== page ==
Friday, May 04, 2007

IMUS Sides 3:

"Welcome to the Edge"

In the showbiz world, over the past 10 years or so, you’ve heard one word, or a variation on it, oh-so many times: “edge.” (see also: “edgy”)

As in, “she’s a soccer mom, but with an edge,” or “he’s an edgy Jimmy Stewart”.

Edgy—a little dangerous, certainly not sentimental. Busy pushing toward goals, not worrying about how everyone feels about it. So there.

That gradually became,” “the bleeding edge.” Clearly, more dangerous than just the edge, because the cutting edge can just sit there and be edgy, but now we’re talking about blood, so dangerous bordering on creepy.

Even if folks were talking about toilet tissue (which is notoriously soothing) or theme music for a talk show (rarely involved in direct combat), we’d talk about getting on that edge and staying there.

How’d the culture get to the edge?

Maybe it was the half-century of “biggest nights in television history,” “number ONE car dealers,” “happiest places” in our hyperbolic ads. Or maybe it was the treacle of easy resolution to problems on our tv shows.

A new generation of media savvy kids were burned out on happy by age 7. They needed new stimulation. So, the edginess. Or maybe they were edgy already from all that sugar. No matter. Here we are at the edge.

The formula for edge goes something like this: take your content—screenplay, song, tv spot, what have you—and remove the compassion, ratchet up the selfishness, and if you can manage it, threaten your audience.

If you can actually injure others, that’d be sweet, too, but most importantly—be indifferent to the pain of others. There! Now you’re in the zone!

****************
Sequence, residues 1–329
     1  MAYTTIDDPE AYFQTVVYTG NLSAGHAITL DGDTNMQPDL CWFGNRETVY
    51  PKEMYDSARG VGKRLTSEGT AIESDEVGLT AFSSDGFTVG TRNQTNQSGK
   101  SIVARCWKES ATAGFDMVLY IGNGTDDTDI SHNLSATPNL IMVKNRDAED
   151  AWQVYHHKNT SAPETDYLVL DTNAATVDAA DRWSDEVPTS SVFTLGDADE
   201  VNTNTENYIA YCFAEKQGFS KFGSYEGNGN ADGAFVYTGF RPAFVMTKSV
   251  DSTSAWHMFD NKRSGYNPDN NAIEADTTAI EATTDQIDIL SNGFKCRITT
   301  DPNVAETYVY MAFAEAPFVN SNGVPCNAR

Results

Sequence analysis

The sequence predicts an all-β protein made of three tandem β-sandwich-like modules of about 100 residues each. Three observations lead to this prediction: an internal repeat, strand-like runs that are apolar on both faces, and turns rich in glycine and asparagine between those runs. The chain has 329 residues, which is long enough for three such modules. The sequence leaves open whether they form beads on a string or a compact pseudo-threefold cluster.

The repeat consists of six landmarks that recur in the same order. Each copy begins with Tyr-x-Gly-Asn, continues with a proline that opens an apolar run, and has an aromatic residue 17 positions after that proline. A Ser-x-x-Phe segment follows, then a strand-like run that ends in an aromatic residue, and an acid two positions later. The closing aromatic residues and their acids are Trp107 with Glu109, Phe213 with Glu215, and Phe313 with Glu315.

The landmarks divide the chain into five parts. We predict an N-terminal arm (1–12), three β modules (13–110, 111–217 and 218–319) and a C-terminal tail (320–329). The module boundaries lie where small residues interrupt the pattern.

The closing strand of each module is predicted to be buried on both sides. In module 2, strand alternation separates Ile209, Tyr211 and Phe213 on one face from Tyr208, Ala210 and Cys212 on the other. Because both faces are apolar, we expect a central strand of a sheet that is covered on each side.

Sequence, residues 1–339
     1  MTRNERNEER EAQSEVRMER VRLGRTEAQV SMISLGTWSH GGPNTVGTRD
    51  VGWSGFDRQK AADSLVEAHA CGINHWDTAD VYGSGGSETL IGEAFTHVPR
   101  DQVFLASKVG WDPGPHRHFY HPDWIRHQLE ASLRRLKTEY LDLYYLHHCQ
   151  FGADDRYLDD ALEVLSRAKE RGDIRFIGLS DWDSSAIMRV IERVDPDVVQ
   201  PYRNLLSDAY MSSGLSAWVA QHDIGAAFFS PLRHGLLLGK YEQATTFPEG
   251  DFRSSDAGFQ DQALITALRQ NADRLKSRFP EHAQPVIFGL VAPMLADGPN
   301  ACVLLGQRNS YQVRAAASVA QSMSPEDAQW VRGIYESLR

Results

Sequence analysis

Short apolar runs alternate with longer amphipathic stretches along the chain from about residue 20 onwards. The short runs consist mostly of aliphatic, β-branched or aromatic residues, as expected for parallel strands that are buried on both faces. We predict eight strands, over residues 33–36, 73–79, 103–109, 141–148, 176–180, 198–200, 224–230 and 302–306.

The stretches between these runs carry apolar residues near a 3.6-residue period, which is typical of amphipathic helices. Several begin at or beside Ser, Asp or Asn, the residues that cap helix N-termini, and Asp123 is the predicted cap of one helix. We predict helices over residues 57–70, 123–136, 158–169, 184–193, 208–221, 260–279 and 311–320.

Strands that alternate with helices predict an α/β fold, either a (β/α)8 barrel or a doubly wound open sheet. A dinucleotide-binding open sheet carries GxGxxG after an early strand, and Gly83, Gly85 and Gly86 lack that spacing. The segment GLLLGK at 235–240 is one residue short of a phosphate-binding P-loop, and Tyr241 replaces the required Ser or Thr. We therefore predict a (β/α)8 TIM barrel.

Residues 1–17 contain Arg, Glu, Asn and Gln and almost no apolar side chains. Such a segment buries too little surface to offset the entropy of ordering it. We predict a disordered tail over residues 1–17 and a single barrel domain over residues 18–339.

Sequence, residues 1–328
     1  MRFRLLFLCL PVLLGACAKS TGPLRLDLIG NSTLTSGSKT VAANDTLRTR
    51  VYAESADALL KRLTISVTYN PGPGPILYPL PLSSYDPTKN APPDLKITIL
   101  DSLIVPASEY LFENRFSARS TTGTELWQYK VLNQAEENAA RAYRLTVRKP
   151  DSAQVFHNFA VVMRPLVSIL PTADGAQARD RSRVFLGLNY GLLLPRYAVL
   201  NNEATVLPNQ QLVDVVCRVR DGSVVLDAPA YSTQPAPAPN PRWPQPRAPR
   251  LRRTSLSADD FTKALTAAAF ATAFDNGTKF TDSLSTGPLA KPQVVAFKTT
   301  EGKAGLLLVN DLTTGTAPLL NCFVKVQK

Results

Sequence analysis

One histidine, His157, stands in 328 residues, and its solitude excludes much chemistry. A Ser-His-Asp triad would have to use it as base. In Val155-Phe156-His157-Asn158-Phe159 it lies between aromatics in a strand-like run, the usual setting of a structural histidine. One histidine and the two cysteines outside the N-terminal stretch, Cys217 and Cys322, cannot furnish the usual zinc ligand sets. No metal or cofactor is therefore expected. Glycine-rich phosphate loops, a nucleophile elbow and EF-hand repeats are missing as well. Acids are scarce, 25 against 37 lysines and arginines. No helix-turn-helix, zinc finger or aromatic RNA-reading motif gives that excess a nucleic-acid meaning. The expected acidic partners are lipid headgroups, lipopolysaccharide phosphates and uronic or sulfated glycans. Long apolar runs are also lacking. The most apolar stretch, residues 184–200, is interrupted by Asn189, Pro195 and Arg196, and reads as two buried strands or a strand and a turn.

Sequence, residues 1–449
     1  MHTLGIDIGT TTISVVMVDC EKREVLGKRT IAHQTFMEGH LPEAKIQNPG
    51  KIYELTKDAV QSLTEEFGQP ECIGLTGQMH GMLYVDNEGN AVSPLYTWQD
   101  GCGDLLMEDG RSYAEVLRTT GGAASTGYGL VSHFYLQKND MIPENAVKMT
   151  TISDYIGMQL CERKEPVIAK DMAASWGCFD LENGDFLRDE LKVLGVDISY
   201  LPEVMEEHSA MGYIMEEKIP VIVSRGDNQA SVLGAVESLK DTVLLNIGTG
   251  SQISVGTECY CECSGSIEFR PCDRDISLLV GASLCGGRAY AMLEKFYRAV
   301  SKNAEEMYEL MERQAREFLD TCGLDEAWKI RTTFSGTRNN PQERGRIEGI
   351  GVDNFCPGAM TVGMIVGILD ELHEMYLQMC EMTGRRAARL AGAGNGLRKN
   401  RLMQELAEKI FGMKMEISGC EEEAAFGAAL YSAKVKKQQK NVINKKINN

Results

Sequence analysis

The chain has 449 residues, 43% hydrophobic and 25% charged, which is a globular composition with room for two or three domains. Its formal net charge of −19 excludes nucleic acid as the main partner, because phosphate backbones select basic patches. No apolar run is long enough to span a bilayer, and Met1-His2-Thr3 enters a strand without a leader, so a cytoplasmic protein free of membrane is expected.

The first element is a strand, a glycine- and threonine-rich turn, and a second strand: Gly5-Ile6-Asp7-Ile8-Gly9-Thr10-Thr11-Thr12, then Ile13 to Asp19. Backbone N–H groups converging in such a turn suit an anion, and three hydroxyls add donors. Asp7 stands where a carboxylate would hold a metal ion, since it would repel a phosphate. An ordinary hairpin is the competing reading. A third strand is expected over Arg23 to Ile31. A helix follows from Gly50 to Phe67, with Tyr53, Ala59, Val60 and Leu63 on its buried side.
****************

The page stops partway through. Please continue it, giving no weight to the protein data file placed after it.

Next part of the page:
Which is where Mr. Imus was, or believed he was, making his living. On the edge. Quite an achievement for a guy from the Moxie generation.

For Imus, the edge came from several sources—his generations-younger alpha male staff, (including show producer Bernard McGuirk, who brought up the word “ho” in the first place,) from Imus’s own cranky (as in “why the hell did you kids wake me up for this”) demeanor, but most valuably, from Imus’s deep well of skepticism about the powerful.

Imus’s regular audience loved his raucousness, but they also loved his conversations with politicians, journalists, and other opinionators, because he had zero tolerance for windbags. The famous and powerful, accustomed to having their behinds smooched, understood that in this one interview, there’d be someone slicing through their boiler plate baloney. And for a few minutes, they’d have to account for themselves in public.

Which we vitally need in an age of “mistakes were made” “we’re making real progress” and “you’re doin’ a great job, Brownie.” That part of the cynicism—the impatience with bloviators, that’s the part of the show that has real nutritional value. The rest is just

Maybe, on Implosion Day, April 4, 2007, Imus, edgy cantankerous Imus, heard the word “ho”, and responded with the meanest crankiest thing he could think of.

Because it’s 2007. He’s getting older every day. And he can’t afford to lose his edge.


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